Artist Jesse Darling is looking for redemption by refusing it altogether
Jesse Darling who, as a child, regularly visited a Buddhist monastery outside of London, has a lot of distrust about the tenants of organized religion. Nevertheless, it’s clear that the symbols of structures of religion continue to weigh heavily on the artist’s first solo exhibition, The Ballad of Saint Jerome, at Tate Britain in London.
Many of the sculptures and site-specific installations in the show—which takes its name from the apocryphal story of Saint Jerome healing the paw of a wounded lion—confront the notion of domination and submission. In Darling’s version of the story, the lion is not healed but rather defies all forms of normativity. One sculpture envisions a steel sphinx with a stuffed lion’s face, holding a ball gag in its mouth. In another work, Icarus floats high on a bed of foam chips for a far softer landing than that myth describes. Yet another sculpture is a hybrid of medical, sexual, and walking aids.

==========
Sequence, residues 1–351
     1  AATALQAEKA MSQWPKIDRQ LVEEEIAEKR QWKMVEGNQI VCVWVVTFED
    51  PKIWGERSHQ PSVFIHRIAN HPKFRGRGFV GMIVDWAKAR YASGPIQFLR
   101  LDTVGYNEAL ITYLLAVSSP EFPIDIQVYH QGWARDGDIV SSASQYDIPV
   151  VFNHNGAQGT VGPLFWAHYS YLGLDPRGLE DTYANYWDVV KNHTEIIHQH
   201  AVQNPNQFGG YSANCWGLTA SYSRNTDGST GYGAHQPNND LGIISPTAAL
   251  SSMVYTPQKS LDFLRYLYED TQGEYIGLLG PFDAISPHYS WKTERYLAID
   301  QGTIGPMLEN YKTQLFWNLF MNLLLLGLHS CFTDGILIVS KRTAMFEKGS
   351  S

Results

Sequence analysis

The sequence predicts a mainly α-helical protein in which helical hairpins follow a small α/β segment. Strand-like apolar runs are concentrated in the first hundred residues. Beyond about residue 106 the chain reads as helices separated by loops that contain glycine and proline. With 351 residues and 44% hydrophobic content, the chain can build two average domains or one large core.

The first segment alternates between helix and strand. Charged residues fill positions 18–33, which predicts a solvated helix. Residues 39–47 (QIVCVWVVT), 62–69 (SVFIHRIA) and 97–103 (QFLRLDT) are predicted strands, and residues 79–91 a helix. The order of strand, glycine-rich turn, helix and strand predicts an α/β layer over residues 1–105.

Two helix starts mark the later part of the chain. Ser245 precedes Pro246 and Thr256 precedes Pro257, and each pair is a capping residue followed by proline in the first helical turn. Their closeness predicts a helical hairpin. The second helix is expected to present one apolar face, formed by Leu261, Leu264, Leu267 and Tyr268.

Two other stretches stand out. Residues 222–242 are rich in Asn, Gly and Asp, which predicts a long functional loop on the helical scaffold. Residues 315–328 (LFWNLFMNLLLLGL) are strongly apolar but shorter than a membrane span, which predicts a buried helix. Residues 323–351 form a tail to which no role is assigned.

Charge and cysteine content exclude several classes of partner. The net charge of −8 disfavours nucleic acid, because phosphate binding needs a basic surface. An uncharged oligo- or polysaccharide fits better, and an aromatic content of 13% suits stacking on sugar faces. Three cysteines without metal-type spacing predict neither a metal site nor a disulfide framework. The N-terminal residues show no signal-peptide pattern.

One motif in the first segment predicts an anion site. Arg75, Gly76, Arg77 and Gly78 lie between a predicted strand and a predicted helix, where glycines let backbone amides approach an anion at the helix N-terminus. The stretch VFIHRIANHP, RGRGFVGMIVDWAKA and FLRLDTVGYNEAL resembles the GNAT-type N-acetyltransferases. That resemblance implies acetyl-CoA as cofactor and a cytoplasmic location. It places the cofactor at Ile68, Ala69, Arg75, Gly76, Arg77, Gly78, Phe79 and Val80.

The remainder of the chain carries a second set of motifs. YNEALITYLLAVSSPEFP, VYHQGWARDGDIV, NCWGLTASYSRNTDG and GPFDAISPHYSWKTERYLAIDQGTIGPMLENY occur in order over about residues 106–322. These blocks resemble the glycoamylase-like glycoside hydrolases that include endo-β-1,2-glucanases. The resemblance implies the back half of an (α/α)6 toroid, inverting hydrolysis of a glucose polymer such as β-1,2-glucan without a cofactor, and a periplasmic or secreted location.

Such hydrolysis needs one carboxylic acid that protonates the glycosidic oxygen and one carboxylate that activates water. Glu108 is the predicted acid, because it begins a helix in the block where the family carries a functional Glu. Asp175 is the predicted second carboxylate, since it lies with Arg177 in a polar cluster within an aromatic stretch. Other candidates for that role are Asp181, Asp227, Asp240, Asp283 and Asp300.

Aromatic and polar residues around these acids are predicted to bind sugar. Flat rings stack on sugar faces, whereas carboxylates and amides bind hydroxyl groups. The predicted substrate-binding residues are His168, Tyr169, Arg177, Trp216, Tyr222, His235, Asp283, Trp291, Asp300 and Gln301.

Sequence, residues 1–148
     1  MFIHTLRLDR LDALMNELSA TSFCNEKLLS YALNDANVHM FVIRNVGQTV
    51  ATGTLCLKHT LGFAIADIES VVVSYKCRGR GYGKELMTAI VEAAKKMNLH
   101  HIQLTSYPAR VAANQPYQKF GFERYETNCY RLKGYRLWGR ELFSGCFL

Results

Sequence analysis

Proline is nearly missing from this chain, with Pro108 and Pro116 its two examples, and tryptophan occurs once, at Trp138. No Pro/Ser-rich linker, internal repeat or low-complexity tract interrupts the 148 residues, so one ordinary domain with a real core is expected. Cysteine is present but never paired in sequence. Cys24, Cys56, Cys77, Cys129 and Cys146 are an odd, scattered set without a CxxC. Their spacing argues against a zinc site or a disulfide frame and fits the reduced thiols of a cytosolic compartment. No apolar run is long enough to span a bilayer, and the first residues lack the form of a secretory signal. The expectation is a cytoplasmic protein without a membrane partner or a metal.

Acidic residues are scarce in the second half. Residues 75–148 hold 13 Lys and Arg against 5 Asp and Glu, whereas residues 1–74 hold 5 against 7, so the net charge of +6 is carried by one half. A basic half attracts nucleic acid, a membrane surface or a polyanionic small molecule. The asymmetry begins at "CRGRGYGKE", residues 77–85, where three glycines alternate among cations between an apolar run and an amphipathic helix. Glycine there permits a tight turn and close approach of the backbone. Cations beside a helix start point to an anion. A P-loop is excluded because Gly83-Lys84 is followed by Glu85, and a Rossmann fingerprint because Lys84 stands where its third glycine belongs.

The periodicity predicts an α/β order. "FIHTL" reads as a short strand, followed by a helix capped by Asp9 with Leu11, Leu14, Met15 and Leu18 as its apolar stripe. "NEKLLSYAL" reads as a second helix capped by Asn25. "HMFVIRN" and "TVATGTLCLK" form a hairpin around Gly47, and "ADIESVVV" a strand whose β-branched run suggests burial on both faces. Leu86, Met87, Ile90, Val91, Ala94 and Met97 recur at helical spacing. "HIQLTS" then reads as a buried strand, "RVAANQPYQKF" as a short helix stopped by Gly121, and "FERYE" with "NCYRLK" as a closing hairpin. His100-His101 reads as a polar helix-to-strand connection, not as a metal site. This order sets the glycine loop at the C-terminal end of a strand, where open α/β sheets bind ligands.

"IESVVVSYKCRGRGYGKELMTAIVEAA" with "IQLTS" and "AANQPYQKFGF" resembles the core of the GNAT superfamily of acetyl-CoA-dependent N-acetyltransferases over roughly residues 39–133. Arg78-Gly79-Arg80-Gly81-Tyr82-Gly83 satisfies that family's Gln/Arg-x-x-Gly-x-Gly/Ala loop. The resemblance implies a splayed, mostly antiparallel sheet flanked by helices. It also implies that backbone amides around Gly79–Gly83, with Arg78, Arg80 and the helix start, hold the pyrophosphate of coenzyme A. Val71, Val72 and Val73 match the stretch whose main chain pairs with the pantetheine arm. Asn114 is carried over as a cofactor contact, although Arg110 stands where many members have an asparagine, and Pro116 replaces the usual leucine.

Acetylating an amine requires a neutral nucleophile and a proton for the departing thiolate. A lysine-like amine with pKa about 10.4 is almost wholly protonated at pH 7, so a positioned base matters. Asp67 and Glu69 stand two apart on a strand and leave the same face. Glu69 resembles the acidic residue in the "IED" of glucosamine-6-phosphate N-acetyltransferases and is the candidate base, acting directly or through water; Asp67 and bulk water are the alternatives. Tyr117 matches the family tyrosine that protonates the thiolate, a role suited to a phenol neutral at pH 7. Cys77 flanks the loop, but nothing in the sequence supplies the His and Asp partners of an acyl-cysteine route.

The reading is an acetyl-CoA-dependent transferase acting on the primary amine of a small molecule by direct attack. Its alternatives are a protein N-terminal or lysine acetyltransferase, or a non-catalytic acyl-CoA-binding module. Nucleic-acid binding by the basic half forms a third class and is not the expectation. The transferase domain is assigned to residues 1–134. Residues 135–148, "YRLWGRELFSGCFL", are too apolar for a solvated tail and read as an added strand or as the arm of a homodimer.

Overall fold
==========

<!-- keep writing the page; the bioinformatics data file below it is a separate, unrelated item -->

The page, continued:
Another personal theme in the show centers on human suffering. Darling was recently paralyzed down their right side due to a neurological disease, which made creating art a more challenging endeavor. And instead of seeking comfort in traditional faith, Darling poses a crucial if melancholic question for our times: “Christian modernity has this notion of redemption, that there is a cure, there’s happiness, there’s richness, there’s something better in heaven or in this world. But what if there isn’t? What if realizing there isn’t is the redemptive idea in itself?”
This article appears in November 2018 issue of Interview Magazine.